You learn something new every day, don’t you? And for the record, how cool is “Orange Rhino” in sign language? As Shannon first started to do It, I actually immediately thought of the “Peace” sign. I don’t know why, just did. Coincidence? I think not!

Yelling Less, Loving More is PeaceFULL.

To find Shannon’s original post, go here:

To see another video full of some of my other alternatives, click here:

How Motherhood Drove Me to Meditate

Last Day of Vacation!
If you are new to this blog, welcome! I am on a brief vacation and have collected several guest posts to share while I am taking a break. They are all from different parts of the world. Yes world. People are yelling less and loving more from Montana, United States to Ireland to Mexico to Australia and more. Pretty powerful if you ask me. We are ALL in this together. Have a fantastic week and if you ever feel alone, know that somewhere in the world, literally, there is an Orange Rhino awake working hard too. All my best for a great week…I’ll be back online around July 8th! 

This guest post by Carla of Massachusetts, United States really spoke to me for one reason and one reason alone. It is kind of an embarrassing one but hey, it’s the truth. I can’t take deep breaths. Nope. I have tried and tried. My OB tried to help me through four deliveries when the epidural only worked 50%. My husband tries weekly to help me. I try to help me learn to take deep breaths. It just doesn’t come natural to me. In fact, I hate it when someone tells me to take a deep breath. That said, I read this post and thought “you know what? I REALLY need to try. I really need to try HARDER to take deep breaths because there could be really upside.” Thank you Carla for inspiring me! After I read this I tried taking a deep breath…with my kids doing it with me. It was a great start and calmed me down a bit in the moment.

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Several times each week, I sit down on a small maroon cushion in my daughters’ playroom and pay attention to my breathing for about twenty minutes. Every time my mind wanders, I try to come back to my breathing. Yep, I’m meditating.

Let’s be clear. I am not the meditating type. I talk fast and eat fast and few things give me as much of a thrill in life as checking tasks off my to-do list. I can’t be trusted with a TV or a pint of ice cream, and I’m not a fan of drum circles or patchouli.

I didn’t start meditating because I was searching for enlightenment or inner peace; my ambitions were more banal than that. I just wanted to stop yelling at my kids. I was never a yeller before I became a mother, but somehow the combination of fatigue and frustration resulted in me raising my voice far my often that I wanted to.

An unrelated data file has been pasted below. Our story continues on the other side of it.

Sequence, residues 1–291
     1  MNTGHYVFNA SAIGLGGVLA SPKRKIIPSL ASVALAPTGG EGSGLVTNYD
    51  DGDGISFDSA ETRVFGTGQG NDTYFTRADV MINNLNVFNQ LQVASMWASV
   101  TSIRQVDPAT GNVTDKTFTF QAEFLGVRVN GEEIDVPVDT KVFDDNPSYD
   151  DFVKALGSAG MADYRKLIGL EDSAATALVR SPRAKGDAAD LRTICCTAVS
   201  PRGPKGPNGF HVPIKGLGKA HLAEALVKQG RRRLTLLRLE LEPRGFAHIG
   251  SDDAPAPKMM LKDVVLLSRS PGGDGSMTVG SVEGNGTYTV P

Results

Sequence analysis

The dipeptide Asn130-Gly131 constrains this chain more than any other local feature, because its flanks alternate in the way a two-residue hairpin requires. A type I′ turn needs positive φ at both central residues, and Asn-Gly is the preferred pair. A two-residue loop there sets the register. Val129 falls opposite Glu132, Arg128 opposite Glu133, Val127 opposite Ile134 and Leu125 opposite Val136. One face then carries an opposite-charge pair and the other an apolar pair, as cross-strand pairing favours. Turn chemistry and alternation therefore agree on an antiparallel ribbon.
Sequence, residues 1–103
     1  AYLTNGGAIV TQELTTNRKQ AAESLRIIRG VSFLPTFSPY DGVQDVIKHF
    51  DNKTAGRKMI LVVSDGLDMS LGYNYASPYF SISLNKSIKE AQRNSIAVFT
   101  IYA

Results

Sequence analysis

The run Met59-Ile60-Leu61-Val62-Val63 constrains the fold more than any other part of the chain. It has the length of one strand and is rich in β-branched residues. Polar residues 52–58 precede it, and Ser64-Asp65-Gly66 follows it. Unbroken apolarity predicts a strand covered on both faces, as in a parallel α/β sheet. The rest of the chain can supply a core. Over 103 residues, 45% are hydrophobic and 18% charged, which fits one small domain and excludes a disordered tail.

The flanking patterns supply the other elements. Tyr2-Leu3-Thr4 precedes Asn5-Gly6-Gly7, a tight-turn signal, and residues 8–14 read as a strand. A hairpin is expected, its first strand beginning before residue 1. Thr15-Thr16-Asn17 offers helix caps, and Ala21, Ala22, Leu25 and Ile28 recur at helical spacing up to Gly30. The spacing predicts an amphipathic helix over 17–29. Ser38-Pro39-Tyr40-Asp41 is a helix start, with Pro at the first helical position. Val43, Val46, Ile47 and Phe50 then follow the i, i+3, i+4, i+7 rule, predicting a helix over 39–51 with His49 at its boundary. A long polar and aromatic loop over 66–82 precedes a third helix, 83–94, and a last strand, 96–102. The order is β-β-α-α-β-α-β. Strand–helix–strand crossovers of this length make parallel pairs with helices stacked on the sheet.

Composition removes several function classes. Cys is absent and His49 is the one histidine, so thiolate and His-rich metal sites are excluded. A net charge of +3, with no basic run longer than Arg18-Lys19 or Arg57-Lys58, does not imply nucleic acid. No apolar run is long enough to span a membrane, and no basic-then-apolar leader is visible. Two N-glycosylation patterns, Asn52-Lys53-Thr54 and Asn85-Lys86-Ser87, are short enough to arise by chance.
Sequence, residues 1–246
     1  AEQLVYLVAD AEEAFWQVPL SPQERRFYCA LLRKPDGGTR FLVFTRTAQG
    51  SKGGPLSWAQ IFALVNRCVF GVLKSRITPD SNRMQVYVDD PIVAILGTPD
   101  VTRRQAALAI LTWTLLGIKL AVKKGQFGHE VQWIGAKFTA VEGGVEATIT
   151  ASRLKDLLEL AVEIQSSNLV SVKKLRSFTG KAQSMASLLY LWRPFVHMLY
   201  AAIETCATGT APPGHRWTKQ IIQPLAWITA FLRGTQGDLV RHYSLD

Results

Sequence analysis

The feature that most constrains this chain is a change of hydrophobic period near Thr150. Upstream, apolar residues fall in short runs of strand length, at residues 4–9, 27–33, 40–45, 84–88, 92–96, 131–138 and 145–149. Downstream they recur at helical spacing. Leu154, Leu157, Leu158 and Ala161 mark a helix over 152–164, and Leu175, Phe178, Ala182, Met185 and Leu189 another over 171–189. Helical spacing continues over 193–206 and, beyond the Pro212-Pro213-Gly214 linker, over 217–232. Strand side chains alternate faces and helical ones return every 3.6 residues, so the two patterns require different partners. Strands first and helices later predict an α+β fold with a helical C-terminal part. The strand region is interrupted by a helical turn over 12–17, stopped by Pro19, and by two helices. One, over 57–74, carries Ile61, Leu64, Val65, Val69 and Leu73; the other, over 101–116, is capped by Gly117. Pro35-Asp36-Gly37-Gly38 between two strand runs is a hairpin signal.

I felt terrible every time it happened—it’s just not how I wanted to treat my girls (ages 3 & 4.5). I would immediately apologize and we’d have a nice snuggle, but there are only so many times you can say you’re sorry without changing your behavior before your words become meaningless.

That was the last thing I wanted—literally—because if they wouldn’t listen to my words, then I would probably end up yelling even more.

I had to find a way to make a change. I talked to my therapist about it, and she had some great thoughts about why I was yelling (I grew up with two yelling parents, for example). That’s useful to know, but it didn’t actually help me stop. I read all sorts of books and blog posts (including many here on The Orange Rhino!) with really great tips and tricks for how to yell less, but my problem was that by the time I remembered to take a deep breath or count to ten or give myself a time-out in the bathroom, the deed was already done.

What I found, time and again, was that I had plenty of ideas about what I should be doing instead of yelling, but in the heat of moment, I wasn’t doing any of it. Instead I was snapping at my daughters and then feeling horrible about it and then getting annoyed at the girls again because I was in a bad mood. It was a terrible cycle, and I needed to find a way out of it. I needed to find a way to create space—space in my brain, in my frustration, in my response to my daughters when they were making me completely insane even if they were just behaving in ways that are perfectly normal for toddlers and preschoolers.

As I continued reading and researching, it became clear to me that meditation was the answer. This was not the answer I wanted. I wanted some fast and easy trick that I could do and move on. Meditation is like exercise; you have to get your butt off the couch and do it on a regular basis if you want to see the benefits. I definitely didn’t want something else like that on my plate.